Postcards from the Norfolk 

Welcome to “Postcards from the Norfolk Broads”. This website is intended to take you on a tour through time on the Broads, which is illustrated by old and very old postcards from my, ever growing, collection. Broadland is a very-very special place and you don't have to be a native or to live there to fall in love with the place. You just need to visit and many do so year after year.

Originally my own lifelong fascination with the Broads and particularly its hire boat fleets led to my collecting postcards where these craft were individually identifiable, just for fun! Slowly but continuously this developed into my record of the Boat Builders and their creations in the years up to the early 1970’s when these specialised craft were still being hand built, in wood, by local craftsmen.

To help me in this pastime I have called upon my own memories and observations, my small collection of old holiday brochures and Broads library and, of course, the internet. My research also lead to a greater interest in the period beyond my own recollections and the production of the ‘Early Days’ and ‘Extras’ pages. Latterly my interest in the postcards themselves has also blossomed, particularly the early artist's cards, and I am now developing the, more in depth, boatyard history articles for another project. Previous visitors may notice that in 2014 some of these latter articles have been moved off the site. That is in preparation for another project, and the emphasis on those pages is now a little bit more 'postcard collector' orientated, as my interests, in that respect, have developed.

(For Links to new articles please see below this introduction. N.B. It is sometimes necessary to scroll down a little after the new page has fully loaded)

Naturally I have made every effort to ensure that my facts are correct and if I cannot be certain I try to make that clear within my text.  I am always delighted to hear from any visitor who can assist me, who disagrees with any of my “facts” or just wants to discuss the content. Your e-mails are always answered and input is always acknowledged on the site.

Likewise, pinpointing the vintage of photographs can be difficult. It gets easier with practice but one can rarely be precise, even when the publisher's index system is understood. Postal dating can provide a clue but some postcards remained in print, in retailer’s shops or even in people’s homes for many years; before being used. At the very least a postmark will reveal the latest date that a photograph may have been taken but it is the date of the photograph or view that I am most interested in correctly identifying.

The narrative initially takes the form of a cruise along the Broadland rivers and the pages entitled with the names of the Rivers show predominately post war coloured postcards. The 'Early Days & Art Cards' and 'Extras' pages contain earlier examples and samples of some of the postcard 'series' by individual artists or publishers; that I have enjoyed collecting as my interests expanded.

Now that the initial development of the site is completed new articles are added, on a fairly regular basis and flagged on this page; but this is subject to the availability of suitable material and time. Of course, the fact that the text is not initially a completed work may, at times, seem to interfere with the continuity of the piece. I will try to avoid this by linking-in the new topics as best I can.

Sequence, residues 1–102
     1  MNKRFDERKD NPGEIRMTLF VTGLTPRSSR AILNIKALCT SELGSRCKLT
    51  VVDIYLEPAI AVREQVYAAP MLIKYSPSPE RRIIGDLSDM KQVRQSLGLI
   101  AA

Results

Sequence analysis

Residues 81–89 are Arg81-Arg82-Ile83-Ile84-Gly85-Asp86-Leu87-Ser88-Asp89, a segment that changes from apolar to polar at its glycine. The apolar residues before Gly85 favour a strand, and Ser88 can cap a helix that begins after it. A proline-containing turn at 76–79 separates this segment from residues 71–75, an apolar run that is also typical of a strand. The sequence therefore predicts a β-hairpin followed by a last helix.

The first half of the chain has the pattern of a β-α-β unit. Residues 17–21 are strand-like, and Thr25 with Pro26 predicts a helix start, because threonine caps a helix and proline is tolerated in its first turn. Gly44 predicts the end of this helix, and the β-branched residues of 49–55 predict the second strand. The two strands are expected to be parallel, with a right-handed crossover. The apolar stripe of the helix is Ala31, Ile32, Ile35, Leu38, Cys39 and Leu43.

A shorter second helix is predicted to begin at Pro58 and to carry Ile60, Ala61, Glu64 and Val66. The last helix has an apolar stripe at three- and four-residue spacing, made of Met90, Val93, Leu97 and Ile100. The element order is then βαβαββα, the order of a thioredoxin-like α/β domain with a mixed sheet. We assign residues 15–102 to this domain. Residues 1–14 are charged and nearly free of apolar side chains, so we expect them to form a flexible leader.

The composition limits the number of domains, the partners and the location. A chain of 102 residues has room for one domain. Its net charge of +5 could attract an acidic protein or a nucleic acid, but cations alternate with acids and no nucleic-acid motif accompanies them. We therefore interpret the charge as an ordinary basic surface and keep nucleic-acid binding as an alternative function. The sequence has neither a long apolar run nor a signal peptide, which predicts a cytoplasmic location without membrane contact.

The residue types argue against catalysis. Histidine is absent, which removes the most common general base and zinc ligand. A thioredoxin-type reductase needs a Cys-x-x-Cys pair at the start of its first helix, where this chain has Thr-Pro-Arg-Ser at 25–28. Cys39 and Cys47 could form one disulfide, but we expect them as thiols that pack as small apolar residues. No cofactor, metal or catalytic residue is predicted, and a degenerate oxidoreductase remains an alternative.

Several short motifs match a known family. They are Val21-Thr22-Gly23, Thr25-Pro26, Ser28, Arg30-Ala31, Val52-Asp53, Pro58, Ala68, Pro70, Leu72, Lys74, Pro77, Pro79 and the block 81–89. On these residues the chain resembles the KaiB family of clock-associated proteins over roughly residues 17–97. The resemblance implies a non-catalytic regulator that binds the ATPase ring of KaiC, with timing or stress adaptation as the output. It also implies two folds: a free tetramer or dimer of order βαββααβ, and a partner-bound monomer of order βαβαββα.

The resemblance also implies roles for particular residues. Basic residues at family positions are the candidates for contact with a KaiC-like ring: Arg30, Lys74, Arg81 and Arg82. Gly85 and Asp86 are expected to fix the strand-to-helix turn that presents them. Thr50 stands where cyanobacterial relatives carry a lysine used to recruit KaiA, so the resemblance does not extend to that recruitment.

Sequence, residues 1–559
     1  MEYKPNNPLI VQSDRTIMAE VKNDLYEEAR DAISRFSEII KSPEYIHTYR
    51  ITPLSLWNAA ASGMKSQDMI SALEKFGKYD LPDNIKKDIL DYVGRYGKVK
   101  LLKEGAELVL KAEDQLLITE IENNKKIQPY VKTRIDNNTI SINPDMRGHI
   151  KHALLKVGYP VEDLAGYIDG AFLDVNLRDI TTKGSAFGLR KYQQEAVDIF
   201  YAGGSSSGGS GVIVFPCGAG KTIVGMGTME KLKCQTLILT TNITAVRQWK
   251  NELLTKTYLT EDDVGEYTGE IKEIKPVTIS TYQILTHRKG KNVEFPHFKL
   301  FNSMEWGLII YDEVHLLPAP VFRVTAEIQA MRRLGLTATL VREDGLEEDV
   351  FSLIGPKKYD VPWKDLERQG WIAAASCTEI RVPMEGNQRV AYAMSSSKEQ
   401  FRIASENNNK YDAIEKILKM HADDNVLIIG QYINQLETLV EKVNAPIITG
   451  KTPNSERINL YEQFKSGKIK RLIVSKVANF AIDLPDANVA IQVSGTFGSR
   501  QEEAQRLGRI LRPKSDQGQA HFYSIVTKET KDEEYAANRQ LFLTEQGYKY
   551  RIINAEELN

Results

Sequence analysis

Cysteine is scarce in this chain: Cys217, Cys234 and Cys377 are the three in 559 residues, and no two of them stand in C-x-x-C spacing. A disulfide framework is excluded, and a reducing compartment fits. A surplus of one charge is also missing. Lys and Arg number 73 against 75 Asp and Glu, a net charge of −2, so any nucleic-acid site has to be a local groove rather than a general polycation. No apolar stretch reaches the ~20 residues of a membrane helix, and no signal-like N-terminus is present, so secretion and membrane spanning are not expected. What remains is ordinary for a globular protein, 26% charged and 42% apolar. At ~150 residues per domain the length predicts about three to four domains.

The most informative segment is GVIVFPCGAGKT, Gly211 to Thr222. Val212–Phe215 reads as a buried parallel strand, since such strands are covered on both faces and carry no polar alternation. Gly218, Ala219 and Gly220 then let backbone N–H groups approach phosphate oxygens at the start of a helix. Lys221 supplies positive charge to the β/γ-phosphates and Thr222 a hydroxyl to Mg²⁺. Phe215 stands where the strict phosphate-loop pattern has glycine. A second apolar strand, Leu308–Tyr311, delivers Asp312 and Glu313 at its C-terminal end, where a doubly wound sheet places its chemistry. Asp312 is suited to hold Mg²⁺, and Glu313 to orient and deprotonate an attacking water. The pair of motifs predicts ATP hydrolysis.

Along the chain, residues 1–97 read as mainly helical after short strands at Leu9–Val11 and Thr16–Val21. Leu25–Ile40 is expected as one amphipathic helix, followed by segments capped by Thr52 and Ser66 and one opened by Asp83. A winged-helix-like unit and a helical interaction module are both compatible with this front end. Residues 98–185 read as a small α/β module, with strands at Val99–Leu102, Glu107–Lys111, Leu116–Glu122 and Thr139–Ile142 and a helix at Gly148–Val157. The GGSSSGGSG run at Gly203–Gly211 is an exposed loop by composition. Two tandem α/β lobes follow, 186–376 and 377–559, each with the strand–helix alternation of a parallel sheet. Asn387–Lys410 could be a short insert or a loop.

In a similar way: The discussions are lead by the content of the postcards themselves; which does mean that you will find instances where they appear in sections other than their actual locations. For example: Truman & Hunter Yachts on the River Ant or Herbert Woods and Banham’s on the Lower Bure page. This is the result of the initial format and I hope visitors who are familiar with the Broads will forgive these apparent discrepancies?

Also: Occasionally, reference is made to current circumstances that may have changed since the date of writing. Since this is, first and foremost, a retrospective discussion, I probably won't attempt to keep all such comments strictly up to date. e.g. a recent instance: the Mike Barnes' Norfolk Broads Yachting Co. fleet now based at Martham Boats?   

The Broads are a national asset and as such can be the subject of political issues and differing opinions regarding usage and development. Other than my rather obvious fondness for the days when the rhond was lined with boat yards (around 90 in the early 1960s) I have made a point of avoiding comment on any such issues. This web-site is intended to be a purely nostalgic tour of the Broads and my only objectives are to share my enjoyment of the images and to maintain historical accuracy.

Naturally there are issues of copyright to be considered when using postcards for illustration and this also applies to the scans I have included; from the holiday firms' catalogues, to help better describe the boats encountered by the photographers.

I have contacted all the publishers concerned (where that was possible) for their permission to do this and am delighted to say that they have all responded in a most positive, friendly and interested manner. A list of these publishers (with thumbnail histories) and of individual contributors can be found on the 'Acknowledgements' page.

Some postcards were published by companies that have, long since, ceased trading and consequently it has not been possible "by reasonable inquiry" to ascertain the identity of the author or copyright holder. However, in many cases, it may be reasonable to assume that copyright has expired, or that the author has died 50 years, or more, before inclusion.